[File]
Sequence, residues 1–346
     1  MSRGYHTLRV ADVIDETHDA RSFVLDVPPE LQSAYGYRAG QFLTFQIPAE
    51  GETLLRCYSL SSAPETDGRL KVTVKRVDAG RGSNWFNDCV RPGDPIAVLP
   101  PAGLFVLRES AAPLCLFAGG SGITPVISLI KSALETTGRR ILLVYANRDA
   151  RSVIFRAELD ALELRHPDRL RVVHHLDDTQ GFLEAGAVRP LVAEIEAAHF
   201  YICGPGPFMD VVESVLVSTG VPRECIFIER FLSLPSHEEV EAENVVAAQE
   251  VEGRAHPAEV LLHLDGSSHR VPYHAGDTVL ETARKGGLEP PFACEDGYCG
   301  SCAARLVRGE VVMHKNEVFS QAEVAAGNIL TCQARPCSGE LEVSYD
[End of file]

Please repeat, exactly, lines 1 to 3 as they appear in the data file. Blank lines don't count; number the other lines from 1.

Sequence, residues 1–346
     1  MSRGYHTLRV ADVIDETHDA RSFVLDVPPE LQSAYGYRAG QFLTFQIPAE
    51  GETLLRCYSL SSAPETDGRL KVTVKRVDAG RGSNWFNDCV RPGDPIAVLP